Momodora: Reverie Under the Moonlight Review – PlayStation 4


Sometimes, a game sneaks up on you from out of nowhere and reminds you that you shouldn’t judge a book by its cover. That’s huge bag of mixed metaphors, but stick with me. On its surface, Momodora: Reverie Under The Moonlight seems like the type of game I wouldn’t give the time of day; a heavy reliance on anime tropes, an overdone 16-bit retro design, and 2d platforming. But of course, this was me looking purely at the surface. The truth is that Momodora has far more going for it than at first glance.

Momodora accomplishes a lot, and owes plenty to similar titles that have come before. At its core, it’s a Metroidvania action/adventure game that has a fair amount of 2D platforming. But, it also borrows heavily from the original Castlevania trilogy, and its modern descendant, Dark Souls. While not as obtuse as the Souls games, dialog in Momodora gives you just enough to gain an understanding of the plot without laying everything out in a paint-by-numbers fashion. The game presents its world as both mysterious and comprehensive without ever being overwhelming, and given the scope and density of the Souls titles, that’s much appreciated.

Momodora’s visuals are eye-catching in a way that other throwback/pixel-centric games fail to capture. The characters and environments are well-rendered and realized, inviting you to stare, whereas the visual design in other similar titles can sometimes feel like a means to an end; style over substance. This most definitely isn’t the case with Momodora- contrast between the cute and disturbing elements on display shows a firm commitment to the world the developers are building.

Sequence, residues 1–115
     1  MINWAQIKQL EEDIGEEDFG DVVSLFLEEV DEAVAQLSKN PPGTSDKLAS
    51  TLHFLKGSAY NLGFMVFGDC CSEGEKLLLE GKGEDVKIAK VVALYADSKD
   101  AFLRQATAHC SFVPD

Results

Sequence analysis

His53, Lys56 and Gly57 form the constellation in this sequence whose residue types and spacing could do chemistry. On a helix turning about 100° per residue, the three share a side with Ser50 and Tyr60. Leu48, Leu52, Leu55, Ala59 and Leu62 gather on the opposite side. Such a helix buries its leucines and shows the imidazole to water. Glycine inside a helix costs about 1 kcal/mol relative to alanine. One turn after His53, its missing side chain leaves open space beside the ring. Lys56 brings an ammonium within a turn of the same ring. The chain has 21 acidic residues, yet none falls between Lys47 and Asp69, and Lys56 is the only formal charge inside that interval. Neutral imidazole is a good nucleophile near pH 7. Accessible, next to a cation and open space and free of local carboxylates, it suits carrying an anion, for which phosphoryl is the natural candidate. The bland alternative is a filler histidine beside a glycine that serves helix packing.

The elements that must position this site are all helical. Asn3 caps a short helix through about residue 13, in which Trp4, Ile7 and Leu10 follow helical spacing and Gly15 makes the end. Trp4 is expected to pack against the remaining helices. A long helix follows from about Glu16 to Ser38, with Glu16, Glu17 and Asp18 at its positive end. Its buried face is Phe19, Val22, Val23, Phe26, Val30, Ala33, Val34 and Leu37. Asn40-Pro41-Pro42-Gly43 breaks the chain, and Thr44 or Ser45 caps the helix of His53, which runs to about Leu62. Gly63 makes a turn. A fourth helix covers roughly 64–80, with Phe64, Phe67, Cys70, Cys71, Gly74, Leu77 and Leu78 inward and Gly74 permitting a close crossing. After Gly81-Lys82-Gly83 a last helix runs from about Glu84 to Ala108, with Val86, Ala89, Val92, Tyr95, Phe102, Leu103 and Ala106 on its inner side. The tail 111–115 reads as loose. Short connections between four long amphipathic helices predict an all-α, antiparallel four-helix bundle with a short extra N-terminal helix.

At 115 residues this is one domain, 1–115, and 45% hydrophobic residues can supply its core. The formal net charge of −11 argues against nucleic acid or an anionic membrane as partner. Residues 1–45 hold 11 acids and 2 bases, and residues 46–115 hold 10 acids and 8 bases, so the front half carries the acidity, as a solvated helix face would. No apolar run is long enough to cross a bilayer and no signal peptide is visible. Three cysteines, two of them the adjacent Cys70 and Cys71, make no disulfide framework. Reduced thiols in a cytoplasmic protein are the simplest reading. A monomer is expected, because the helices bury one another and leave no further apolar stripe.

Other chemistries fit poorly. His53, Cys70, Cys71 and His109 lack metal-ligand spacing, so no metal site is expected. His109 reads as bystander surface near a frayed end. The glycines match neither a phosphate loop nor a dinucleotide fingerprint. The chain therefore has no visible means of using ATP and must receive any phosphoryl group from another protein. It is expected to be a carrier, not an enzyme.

Additionally, the controls are spot-on. Combat is fluid and responsive, exploration is easily executed, and there’s never a sense of trying to do something, but not being able to because of the game’s shortcomings. As I’ve often stated, it’s important with these types of games that when you mess up, you know that it’s your fault.

If there’s one thing to fault Momodora for, it’s that at a certain point, it’s said all that it has to say as an experience. Without question, the game would have made for a stronger experience had it ended an hour or two (or three) earlier than it does. Difficulty, already fairly steep, ramps up thanks to an increased placement of cheap traps and pits, combat becomes more frequent, and you almost get the sense that things are being padded out some to artificially increase the time it takes to complete the game. This isn’t a deal-breaker, but it does take away from what starts out as a refreshing, positive experience.

In a year filled so far with amazing titles, Momodora: Reverie Under The Moonlight is yet another one to add to that list. It’s a change of pace from both the Metroidvania and Souls sub-genres, and is an eye-catching visual experience that encourages exploration and observation. It’s well-worth your time and money, so give it a look.

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